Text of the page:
A common way to rectify an image is by selecting ground control
points (GCPs) between the raw airphoto and a reference image or
map, and then creating a new output image that is rectified (or
geocoded) to the real world coordinate system.
A ground control point (GCP) is a point on the earth’s surface where
both image coordinates (measured in rows and columns) and map
coordinates (measured in degrees of latitude and longitude, meters,
or feet) can be identified. Rectification is the process of using GCPs
to transform the geometry of an image so that each pixel
corresponds to a position in a real world coordinate system (such a
UTM or State Plane map projection). This process is sometimes
called “geocoding” or “rubbersheeting” because the image data are
stretched or compressed as needed to align with a real world map
grid or coordinate system.
To perform a control point rectification, you need a raw and
reference image
About
orthorectification
42
•
The raw image is simply a digitized airphoto that has been
imported into ER Mapper
•
The reference image is any other dataset, hardcopy map, or set
of known coordinate points that can be used to correct the raw
image. You can use another airphoto or image that has already
been rectified, a geocoded vector dataset, a hardcopy map
mounted on a digitizing table, or GPS survey points of known
features in your image (such as buildings or road intersections).
Orthorectification is more accurate than Linear or Polynomial
rectification because it corrects local and global distortions in the
image by adjusting for camera characteristics, platform positions
and terrain details. This is particularly important for airphotos
because they are generally of a higher resolution than satellite
images. The following pictures demonstrate how airphoto images
can be distorted by variations in terrain, and the effects of height
correction in orthorectification.
Image orthorectification
It is possible to use Polynomial and Triangulation rectification to
correct for terrain variations, provided you choose enough GCPs. The
following table shows the numbers of GCPs you would require for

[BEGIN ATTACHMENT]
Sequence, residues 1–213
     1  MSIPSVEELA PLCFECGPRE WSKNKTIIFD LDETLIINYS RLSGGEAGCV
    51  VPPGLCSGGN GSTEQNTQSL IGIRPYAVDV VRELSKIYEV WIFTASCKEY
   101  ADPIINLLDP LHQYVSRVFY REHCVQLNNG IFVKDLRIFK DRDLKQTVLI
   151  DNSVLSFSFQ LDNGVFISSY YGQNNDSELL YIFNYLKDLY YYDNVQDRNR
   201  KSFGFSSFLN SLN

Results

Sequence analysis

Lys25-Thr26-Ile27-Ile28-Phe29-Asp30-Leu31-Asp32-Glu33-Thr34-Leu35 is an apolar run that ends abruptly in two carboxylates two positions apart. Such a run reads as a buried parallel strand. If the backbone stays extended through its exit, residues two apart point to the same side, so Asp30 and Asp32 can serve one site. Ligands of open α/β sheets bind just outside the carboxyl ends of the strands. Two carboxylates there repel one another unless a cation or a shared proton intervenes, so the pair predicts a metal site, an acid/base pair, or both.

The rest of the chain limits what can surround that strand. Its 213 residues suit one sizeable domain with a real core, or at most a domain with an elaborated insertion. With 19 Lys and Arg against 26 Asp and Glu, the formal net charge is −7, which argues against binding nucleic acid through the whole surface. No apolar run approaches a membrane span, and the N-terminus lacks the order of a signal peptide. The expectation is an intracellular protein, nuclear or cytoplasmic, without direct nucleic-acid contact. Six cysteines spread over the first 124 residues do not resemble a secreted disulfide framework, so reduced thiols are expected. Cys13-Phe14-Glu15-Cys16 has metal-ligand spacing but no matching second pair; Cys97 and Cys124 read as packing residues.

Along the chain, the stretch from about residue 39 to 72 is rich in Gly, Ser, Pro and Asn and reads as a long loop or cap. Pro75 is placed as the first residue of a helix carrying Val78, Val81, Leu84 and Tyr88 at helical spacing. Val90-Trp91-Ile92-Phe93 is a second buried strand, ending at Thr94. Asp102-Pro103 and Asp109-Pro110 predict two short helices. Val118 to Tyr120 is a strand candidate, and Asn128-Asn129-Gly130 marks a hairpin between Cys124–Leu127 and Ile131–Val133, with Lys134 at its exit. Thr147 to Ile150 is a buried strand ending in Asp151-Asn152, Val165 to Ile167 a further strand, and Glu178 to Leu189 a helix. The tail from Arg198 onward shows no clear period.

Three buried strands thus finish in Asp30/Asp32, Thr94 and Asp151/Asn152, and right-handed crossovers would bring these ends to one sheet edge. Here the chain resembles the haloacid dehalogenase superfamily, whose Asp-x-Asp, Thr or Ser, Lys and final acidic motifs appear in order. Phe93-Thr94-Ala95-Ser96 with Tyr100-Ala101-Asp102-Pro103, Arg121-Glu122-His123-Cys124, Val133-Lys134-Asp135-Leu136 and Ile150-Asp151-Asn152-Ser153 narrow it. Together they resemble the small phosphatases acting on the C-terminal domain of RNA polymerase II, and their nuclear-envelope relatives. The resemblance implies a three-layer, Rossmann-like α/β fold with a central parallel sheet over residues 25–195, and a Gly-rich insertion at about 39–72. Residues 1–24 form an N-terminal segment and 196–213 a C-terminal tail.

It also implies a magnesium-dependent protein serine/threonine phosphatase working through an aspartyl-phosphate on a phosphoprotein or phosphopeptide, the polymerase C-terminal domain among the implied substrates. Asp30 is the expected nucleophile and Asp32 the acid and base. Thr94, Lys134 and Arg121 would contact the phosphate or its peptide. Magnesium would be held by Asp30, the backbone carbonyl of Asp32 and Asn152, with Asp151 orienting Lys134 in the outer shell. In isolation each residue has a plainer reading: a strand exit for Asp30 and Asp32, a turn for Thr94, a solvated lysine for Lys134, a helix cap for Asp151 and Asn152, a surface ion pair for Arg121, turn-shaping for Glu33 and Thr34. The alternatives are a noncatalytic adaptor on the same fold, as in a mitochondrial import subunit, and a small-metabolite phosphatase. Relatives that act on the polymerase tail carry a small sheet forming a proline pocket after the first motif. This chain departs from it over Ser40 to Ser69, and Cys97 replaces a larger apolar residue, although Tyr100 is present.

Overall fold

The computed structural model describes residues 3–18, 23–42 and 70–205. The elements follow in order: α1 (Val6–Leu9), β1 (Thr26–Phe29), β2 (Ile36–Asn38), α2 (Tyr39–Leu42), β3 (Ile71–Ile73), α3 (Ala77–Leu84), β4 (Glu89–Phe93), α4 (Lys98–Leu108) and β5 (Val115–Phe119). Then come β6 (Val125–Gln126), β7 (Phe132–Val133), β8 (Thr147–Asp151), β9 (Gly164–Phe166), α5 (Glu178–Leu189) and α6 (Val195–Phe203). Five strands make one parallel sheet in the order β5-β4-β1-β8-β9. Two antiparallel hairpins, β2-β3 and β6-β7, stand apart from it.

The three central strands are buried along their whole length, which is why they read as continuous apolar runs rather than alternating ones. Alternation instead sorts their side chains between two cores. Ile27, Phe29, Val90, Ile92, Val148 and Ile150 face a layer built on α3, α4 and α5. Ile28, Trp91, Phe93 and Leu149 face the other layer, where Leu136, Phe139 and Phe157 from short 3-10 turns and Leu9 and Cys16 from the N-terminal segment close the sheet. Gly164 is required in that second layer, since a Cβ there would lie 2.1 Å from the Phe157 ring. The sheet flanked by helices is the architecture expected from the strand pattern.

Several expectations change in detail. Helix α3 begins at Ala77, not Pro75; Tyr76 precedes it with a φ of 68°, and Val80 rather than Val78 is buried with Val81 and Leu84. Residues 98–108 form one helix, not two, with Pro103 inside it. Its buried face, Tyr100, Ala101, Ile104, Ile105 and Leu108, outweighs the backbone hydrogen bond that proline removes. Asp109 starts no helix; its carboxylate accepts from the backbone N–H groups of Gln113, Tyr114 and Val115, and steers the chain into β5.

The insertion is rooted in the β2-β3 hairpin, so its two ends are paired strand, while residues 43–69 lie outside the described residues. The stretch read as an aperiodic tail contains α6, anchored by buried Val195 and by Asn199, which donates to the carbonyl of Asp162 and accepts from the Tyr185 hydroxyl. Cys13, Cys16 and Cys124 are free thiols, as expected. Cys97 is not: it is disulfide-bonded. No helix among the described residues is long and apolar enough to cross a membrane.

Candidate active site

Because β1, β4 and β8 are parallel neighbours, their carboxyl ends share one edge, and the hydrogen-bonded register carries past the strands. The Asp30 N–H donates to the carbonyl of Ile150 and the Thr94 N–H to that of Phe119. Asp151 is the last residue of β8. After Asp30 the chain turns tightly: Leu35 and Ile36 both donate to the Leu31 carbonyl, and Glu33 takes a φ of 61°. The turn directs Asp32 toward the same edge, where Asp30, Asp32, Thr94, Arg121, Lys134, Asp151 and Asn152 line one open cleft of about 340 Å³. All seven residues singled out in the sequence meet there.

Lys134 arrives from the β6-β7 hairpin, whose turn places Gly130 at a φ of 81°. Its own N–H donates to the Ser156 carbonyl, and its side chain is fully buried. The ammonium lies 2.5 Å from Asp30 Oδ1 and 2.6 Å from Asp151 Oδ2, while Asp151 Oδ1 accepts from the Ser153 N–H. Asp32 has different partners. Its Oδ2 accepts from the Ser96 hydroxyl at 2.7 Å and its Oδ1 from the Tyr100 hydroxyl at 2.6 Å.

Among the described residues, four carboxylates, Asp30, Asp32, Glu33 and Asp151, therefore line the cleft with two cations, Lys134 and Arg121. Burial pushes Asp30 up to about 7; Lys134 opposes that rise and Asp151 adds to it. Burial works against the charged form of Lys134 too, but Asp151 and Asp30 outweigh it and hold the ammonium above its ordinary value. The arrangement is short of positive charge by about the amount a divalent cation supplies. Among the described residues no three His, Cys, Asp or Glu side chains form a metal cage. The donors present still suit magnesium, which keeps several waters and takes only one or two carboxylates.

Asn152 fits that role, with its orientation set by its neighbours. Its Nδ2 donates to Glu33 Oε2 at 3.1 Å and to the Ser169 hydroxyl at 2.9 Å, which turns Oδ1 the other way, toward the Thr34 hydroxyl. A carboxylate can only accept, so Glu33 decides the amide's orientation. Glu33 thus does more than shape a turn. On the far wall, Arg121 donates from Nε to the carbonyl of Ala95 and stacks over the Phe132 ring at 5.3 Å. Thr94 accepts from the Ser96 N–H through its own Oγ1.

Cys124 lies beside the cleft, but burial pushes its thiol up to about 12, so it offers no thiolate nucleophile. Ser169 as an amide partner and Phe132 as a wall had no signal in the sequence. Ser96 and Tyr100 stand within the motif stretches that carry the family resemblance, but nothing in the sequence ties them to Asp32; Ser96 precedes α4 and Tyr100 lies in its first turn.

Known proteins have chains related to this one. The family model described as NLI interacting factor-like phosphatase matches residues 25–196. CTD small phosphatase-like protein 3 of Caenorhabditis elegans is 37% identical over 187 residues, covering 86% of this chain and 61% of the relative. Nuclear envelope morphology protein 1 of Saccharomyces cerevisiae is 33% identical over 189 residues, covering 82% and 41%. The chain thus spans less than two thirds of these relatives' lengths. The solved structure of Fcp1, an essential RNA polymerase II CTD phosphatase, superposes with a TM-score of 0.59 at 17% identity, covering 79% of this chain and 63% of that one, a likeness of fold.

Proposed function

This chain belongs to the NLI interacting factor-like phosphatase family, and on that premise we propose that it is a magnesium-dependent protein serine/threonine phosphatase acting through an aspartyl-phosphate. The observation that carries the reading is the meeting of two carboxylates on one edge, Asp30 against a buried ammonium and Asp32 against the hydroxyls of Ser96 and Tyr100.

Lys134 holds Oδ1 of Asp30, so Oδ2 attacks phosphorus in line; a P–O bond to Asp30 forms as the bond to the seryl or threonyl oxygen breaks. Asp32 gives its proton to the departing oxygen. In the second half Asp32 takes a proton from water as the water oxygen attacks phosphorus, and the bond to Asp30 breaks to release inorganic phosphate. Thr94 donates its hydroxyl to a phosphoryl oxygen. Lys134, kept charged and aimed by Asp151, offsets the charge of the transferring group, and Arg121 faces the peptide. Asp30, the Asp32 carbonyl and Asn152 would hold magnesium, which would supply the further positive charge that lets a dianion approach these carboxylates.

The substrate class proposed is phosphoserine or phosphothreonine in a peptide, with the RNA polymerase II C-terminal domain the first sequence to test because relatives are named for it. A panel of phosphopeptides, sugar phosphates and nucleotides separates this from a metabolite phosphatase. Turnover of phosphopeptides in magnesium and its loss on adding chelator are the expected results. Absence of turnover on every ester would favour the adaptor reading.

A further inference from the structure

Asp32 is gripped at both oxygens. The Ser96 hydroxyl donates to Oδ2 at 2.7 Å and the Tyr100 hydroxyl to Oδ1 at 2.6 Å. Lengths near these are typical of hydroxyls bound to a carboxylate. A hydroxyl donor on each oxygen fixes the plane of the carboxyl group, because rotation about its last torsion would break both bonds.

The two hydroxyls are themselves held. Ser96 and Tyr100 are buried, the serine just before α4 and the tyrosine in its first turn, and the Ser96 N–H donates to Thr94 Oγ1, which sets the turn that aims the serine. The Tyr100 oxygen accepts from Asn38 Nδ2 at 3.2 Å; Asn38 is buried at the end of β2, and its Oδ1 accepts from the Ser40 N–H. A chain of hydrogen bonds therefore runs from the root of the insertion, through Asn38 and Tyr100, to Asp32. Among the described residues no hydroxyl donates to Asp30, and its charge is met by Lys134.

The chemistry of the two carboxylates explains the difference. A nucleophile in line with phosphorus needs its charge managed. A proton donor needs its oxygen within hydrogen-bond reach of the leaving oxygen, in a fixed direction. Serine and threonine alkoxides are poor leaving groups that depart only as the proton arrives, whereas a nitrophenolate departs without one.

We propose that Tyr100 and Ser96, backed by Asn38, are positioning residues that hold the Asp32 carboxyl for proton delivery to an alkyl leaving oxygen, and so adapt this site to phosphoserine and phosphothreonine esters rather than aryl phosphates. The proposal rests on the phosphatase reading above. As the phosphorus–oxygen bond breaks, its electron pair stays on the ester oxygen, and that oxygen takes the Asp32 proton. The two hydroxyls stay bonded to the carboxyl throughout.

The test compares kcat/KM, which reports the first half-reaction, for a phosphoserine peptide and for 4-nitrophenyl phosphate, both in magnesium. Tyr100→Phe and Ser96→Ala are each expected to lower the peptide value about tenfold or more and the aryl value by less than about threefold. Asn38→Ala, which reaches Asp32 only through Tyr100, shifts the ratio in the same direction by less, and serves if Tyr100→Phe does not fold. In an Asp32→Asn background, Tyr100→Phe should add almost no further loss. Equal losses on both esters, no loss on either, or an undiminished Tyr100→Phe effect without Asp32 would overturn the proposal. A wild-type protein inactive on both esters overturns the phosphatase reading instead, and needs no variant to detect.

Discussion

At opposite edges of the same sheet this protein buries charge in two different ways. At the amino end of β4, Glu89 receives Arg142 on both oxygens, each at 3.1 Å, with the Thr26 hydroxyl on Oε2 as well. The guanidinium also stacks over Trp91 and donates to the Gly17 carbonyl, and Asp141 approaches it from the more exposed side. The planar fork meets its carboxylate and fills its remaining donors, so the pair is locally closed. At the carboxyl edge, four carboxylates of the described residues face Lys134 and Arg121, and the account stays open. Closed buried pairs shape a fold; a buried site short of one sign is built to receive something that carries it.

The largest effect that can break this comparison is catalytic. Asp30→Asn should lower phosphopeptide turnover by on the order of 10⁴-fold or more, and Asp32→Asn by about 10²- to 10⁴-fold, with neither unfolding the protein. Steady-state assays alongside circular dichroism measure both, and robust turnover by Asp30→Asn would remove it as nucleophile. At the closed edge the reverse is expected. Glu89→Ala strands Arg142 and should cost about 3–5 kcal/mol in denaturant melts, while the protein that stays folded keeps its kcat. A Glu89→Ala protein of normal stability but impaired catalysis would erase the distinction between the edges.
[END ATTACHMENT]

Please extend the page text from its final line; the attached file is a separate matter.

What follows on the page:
Polynomial rectification.
Polynomial
GCP Requirements
order
Minimum
Recommended
Linear
3
6
Quadratic
6
12
Cubic
10
20
nth
Not possible
Not possible
Terrain type
From the table you can see that, if the terrain is generally flat, you
can use Linear order Polynomial rectification with 6 GCPs. For
satellite images covering larger areas, where you need to correct for
the earth’s curvature, you will need Quadratic order Polynomia1
rectification with 12 GCPs. For gently undulating terrain you should
use cubic order polynomial rectification with a recommended 20
GCPs. Selecting this number of GCPs per image is time-consuming
process that still does not rectify images with real-world type terrain.
Triangulation rectification does allow you to rectify images with more
rugged terrains, but can require hundreds of manually selected GCPs
per image.
Image orthorectification
43
Orthorectification, on the other hand, requires you to enter only 4 to
6 GCPs, and to identify the positions of fiducial points on the edges
of the image. You have to supply the terrain details to the ER Mapper
Geocoding Wizard in the form of a DEM (Digital Elevation Model). If
the terrain is relatively flat, you can use an average height value.
The ER Mapper orthorectification does not correct images for the
curvature of the earth. This is only significant for individual
images of areas that are longer than 20km, which precludes
most airphotos.
DEM file
A DEM is an image that comprises regularly gridded Z (height) data.
If the height information is only available as contours, breaklines or
XYZ ascii files, you can use the ER Mapper Gridding Wizard to create
a DEM. Refer to the ER Mapper User Guide for information on the
Gridding Wizard. The accuracy of the orthorectification depends on
the resolution of the DEM. The following table gives a rough guide to
the DEM resolutions required:
Airphoto scale
Required accuracy
Height data
1:10,000 - 1:15,000
1 - 2 meters
1 - 2 meter contours
1:20,000 - 1:30,000
2 - 5 meters
5 meter contours
1:40,000+
5+ meters
10 meter contours
Camera file
ER Mapper stores camera characteristics in a camera file for use by
the Geocoding Wizard. The camera file information is derived from a
camera calibration report.
If you do not have a valid calibration report for the camera that was
used to take the image, you can use a generic report for that camera
model. This could result in a some inaccuracies. ER Mapper provides
a Camera Wizard which steps you through the process of creating a
camera file.
To create a camera file you require to have the following information
and this is normally provided by the company which acquired the
aerial images:
Camera Identification: Manufacturer, model, lens serial number and
date calibrated.
Camera attributes: Focal length, X and Y offset to principal point, and
location of fiducial points.
44
Image orthorectification
About fiducial points
Fiducial points are marks (a small circle with a cross inside) inserted
around the edges of airphotos by metric cameras. These fiducial
points, either at 4 corners (4 fiducial points) or at 4 corners and 4
middle points at the edges of the airphoto (8 fiducial points) are used
to accurately relate the airphoto to the principal point which is the
center of the airphoto. The positions of these fiducial points are
adjusted in the aerial camera so that the intersection of lines through
opposite fiducial marks identifies the principal point on the focal
plane.
It is important to correctly position the airphoto so that fiducial